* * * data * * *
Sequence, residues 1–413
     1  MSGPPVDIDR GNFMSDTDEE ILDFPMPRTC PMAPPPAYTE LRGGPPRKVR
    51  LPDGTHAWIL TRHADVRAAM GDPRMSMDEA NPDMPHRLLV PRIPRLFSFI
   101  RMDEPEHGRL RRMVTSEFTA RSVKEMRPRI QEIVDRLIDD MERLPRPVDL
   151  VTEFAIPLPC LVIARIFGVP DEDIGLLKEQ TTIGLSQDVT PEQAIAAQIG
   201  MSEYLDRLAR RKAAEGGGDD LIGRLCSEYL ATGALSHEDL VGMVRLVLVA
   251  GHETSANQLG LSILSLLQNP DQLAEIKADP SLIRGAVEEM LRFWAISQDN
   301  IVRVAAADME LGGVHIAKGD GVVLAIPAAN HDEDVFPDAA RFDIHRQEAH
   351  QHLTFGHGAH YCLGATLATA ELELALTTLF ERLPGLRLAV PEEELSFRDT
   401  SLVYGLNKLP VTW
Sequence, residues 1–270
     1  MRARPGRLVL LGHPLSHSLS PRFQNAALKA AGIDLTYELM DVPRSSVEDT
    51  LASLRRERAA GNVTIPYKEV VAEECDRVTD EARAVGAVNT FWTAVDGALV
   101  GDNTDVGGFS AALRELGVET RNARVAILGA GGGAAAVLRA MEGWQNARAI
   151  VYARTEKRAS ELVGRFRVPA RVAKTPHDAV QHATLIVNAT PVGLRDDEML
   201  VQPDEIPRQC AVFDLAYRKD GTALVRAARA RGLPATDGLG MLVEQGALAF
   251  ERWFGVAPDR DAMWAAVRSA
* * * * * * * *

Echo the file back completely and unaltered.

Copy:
Sequence, residues 1–413
     1  MSGPPVDIDR GNFMSDTDEE ILDFPMPRTC PMAPPPAYTE LRGGPPRKVR
    51  LPDGTHAWIL TRHADVRAAM GDPRMSMDEA NPDMPHRLLV PRIPRLFSFI
   101  RMDEPEHGRL RRMVTSEFTA RSVKEMRPRI QEIVDRLIDD MERLPRPVDL
   151  VTEFAIPLPC LVIARIFGVP DEDIGLLKEQ TTIGLSQDVT PEQAIAAQIG
   201  MSEYLDRLAR RKAAEGGGDD LIGRLCSEYL ATGALSHEDL VGMVRLVLVA
   251  GHETSANQLG LSILSLLQNP DQLAEIKADP SLIRGAVEEM LRFWAISQDN
   301  IVRVAAADME LGGVHIAKGD GVVLAIPAAN HDEDVFPDAA RFDIHRQEAH
   351  QHLTFGHGAH YCLGATLATA ELELALTTLF ERLPGLRLAV PEEELSFRDT
   401  SLVYGLNKLP VTW
Sequence, residues 1–270
     1  MRARPGRLVL LGHPLSHSLS PRFQNAALKA AGIDLTYELM DVPRSSVEDT
    51  LASLRRERAA GNVTIPYKEV VAEECDRVTD EARAVGAVNT FWTAVDGALV
   101  GDNTDVGGFS AALRELGVET RNARVAILGA GGGAAAVLRA MEGWQNARAI
   151  VYARTEKRAS ELVGRFRVPA RVAKTPHDAV QHATLIVNAT PVGLRDDEML
   201  VQPDEIPRQC AVFDLAYRKD GTALVRAARA RGLPATDGLG MLVEQGALAF
   251  ERWFGVAPDR DAMWAAVRSA